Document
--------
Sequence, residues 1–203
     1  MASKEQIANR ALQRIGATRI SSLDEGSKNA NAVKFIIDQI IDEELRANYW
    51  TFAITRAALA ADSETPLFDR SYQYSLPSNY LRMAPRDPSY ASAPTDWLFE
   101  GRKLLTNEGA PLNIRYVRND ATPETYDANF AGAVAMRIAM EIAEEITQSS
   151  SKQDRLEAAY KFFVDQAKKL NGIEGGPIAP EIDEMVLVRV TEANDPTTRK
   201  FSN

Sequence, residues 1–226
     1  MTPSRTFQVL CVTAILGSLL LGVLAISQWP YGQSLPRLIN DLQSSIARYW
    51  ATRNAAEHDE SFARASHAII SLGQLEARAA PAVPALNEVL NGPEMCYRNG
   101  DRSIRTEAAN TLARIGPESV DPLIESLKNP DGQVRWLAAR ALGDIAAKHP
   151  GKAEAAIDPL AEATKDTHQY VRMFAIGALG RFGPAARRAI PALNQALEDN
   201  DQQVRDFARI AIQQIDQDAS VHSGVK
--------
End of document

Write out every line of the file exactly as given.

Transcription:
Sequence, residues 1–203
     1  MASKEQIANR ALQRIGATRI SSLDEGSKNA NAVKFIIDQI IDEELRANYW
    51  TFAITRAALA ADSETPLFDR SYQYSLPSNY LRMAPRDPSY ASAPTDWLFE
   101  GRKLLTNEGA PLNIRYVRND ATPETYDANF AGAVAMRIAM EIAEEITQSS
   151  SKQDRLEAAY KFFVDQAKKL NGIEGGPIAP EIDEMVLVRV TEANDPTTRK
   201  FSN

Sequence, residues 1–226
     1  MTPSRTFQVL CVTAILGSLL LGVLAISQWP YGQSLPRLIN DLQSSIARYW
    51  ATRNAAEHDE SFARASHAII SLGQLEARAA PAVPALNEVL NGPEMCYRNG
   101  DRSIRTEAAN TLARIGPESV DPLIESLKNP DGQVRWLAAR ALGDIAAKHP
   151  GKAEAAIDPL AEATKDTHQY VRMFAIGALG RFGPAARRAI PALNQALEDN
   201  DQQVRDFARI AIQQIDQDAS VHSGVK